So many terrifying outcomes have been averted and after a few scary days as his little body coped with the injury and shock, he is blossoming back into his “old” self, chattering and fully engaging with everyone.
The doctors and nursing staff at Royal Darwin Hospital have been absolutely fantastic and we are so grateful for all their professional expertise. RDH sometimes gets bad press, but unlike Jack from the nursery rhyme his medical regime has included far more than “vinegar and brown paper”. Apart from all the techno-gizmos in the hospital we’re so lucky that the local surgeons can also draw on the specialised expertise of neurosurgeons in Adelaide via video-conferencing and email. I’m also grateful for the support of my virtual and real friends for their support over the past few days.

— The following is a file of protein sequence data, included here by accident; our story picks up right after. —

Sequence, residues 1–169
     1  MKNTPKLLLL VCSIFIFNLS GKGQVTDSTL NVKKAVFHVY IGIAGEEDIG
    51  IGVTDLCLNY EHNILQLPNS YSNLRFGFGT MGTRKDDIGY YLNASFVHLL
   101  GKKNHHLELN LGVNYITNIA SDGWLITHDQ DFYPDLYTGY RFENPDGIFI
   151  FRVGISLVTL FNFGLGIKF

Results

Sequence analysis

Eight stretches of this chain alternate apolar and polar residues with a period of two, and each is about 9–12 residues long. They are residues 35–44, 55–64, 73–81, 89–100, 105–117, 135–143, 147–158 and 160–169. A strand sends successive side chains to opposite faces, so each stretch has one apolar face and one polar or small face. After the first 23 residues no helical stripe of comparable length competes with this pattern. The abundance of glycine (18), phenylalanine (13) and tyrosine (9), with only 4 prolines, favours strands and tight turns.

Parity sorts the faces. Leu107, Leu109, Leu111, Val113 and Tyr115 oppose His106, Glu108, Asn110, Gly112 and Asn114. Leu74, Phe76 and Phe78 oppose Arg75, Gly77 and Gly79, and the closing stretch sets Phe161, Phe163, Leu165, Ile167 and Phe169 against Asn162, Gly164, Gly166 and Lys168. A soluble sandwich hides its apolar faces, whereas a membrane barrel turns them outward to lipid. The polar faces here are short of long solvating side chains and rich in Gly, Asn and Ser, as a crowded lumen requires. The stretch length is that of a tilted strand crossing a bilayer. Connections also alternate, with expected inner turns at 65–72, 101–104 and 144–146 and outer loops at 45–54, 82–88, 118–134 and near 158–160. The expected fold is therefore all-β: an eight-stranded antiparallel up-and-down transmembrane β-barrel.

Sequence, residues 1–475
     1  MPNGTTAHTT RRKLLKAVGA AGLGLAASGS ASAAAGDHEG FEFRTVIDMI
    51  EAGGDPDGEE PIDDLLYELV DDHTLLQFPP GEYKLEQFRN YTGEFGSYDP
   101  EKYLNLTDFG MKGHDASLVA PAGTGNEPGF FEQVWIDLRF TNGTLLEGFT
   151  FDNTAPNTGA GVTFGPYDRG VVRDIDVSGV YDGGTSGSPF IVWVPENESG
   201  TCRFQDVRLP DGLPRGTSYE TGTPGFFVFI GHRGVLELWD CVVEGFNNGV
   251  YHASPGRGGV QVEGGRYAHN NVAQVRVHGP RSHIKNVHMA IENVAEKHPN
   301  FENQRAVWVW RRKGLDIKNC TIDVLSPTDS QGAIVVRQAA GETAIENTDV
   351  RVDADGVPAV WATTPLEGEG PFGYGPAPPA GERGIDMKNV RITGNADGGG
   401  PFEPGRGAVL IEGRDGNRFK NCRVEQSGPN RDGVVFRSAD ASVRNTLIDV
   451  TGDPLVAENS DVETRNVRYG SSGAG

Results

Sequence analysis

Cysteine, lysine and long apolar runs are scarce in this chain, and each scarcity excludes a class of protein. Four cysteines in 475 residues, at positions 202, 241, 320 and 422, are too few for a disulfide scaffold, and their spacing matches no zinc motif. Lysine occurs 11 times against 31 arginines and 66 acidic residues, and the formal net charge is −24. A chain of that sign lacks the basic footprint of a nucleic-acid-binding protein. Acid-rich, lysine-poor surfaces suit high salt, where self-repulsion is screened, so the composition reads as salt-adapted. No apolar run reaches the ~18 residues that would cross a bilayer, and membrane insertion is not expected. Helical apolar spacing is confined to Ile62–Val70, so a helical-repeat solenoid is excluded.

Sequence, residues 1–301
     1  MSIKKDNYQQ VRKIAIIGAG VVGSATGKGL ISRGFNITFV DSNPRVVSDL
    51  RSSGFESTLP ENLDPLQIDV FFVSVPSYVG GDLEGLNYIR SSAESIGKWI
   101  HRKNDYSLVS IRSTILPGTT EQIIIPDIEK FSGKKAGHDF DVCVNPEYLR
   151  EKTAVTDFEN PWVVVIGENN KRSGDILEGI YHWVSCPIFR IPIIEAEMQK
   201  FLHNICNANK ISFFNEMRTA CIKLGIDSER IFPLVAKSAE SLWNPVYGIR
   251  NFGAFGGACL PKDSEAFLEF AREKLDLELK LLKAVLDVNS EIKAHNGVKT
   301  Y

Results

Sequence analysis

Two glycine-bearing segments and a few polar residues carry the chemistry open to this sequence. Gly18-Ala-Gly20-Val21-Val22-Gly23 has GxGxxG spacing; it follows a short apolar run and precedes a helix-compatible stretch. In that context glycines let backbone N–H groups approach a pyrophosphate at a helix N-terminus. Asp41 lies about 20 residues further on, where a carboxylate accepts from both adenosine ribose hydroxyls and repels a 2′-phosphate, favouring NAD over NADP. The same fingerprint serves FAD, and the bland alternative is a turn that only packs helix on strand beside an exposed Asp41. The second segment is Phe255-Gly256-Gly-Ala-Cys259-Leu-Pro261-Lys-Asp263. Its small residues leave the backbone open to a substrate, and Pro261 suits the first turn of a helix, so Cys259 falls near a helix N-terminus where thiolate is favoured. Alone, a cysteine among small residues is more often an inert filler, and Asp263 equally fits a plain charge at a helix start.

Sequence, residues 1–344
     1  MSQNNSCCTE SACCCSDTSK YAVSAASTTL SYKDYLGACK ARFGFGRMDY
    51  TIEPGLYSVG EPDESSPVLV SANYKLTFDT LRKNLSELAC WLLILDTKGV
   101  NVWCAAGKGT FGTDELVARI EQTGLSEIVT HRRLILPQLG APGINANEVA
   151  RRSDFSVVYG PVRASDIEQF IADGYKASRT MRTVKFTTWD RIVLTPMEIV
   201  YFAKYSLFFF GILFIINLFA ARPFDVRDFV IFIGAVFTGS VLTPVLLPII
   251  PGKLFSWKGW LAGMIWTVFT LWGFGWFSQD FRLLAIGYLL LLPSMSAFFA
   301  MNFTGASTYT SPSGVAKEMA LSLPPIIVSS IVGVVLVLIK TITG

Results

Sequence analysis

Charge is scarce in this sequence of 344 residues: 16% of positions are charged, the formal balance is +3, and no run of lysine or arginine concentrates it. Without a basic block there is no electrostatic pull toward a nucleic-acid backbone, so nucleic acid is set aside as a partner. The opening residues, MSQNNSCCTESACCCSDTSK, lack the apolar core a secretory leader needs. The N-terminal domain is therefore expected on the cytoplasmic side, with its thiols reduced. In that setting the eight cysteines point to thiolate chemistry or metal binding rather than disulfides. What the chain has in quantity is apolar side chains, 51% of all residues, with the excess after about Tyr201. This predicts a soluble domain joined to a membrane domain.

We are all giving thanks that our baby has survived this ordeal so well…we can’t imagine life without our little man and a practical way we’ll give thanks is to help others whose lives, or that of their little ones, are at risk, probably through Kiva and Medicins Sans Frontieres.
The tree may not be up yet, the cake and pudding are in the early stages and cards may not go out, and my blog posts may be really late, but we’ve been blessed with a very personal Christmas miracle and the strength and support of family and friends.
Thomas MacEntee at Geneabloggers is encouraging us to celebrate the 2011 Christmas season with a series of posts called the Advent Calendar of Memories. This is today’s entry.